Using the example of a typical movie narrative, the cool factor of startups usually centers on Act 1 and Act 3 -- the initial creative inspiration and the triumphant frolicking in piles of money. But it's the taxing, daily work of Act 2 that will, or won't, ultimately bring a new company to successful, sustainable maturity. Observing the entrepreneurial wisdom of "Ghostbusters," Eric Ries, author of The Lean Startup, talks about how the essential decisions of an ultimately successful startup are made in the boring, day-to-day grind that no movie ever shows.
But can you tell if your startup is efficiently grinding toward failure? How do you measure progress for a project with no precedent? Eric takes the view that a startup is a scientific experiment designed to test hypotheses, and therefore requires a unique managerial approach. In this 10-minute talk, he speaks about why this approach is necessary and briefly describes an "Innovation Accounting" method to guide day-to-day decision-making and inform larger course corrections.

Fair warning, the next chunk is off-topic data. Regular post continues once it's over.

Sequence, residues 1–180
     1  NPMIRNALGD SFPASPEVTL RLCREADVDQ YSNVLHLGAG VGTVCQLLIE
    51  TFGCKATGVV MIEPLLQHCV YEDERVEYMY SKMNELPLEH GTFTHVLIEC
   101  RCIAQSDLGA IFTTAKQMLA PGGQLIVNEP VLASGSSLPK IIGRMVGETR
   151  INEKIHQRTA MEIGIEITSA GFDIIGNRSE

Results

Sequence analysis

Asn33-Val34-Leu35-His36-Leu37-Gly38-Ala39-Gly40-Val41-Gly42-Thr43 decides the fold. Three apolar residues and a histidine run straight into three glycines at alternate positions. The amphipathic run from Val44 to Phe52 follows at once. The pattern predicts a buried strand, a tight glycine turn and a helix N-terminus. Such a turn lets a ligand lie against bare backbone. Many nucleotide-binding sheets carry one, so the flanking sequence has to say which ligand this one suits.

Referencing his book, Eric also talks briefly about each of the five major lessons learned from the trenches of his own startups and from the startups he's advised.
This free podcast is from our Web 2.0 Conference series.
Photo: Nick Wilson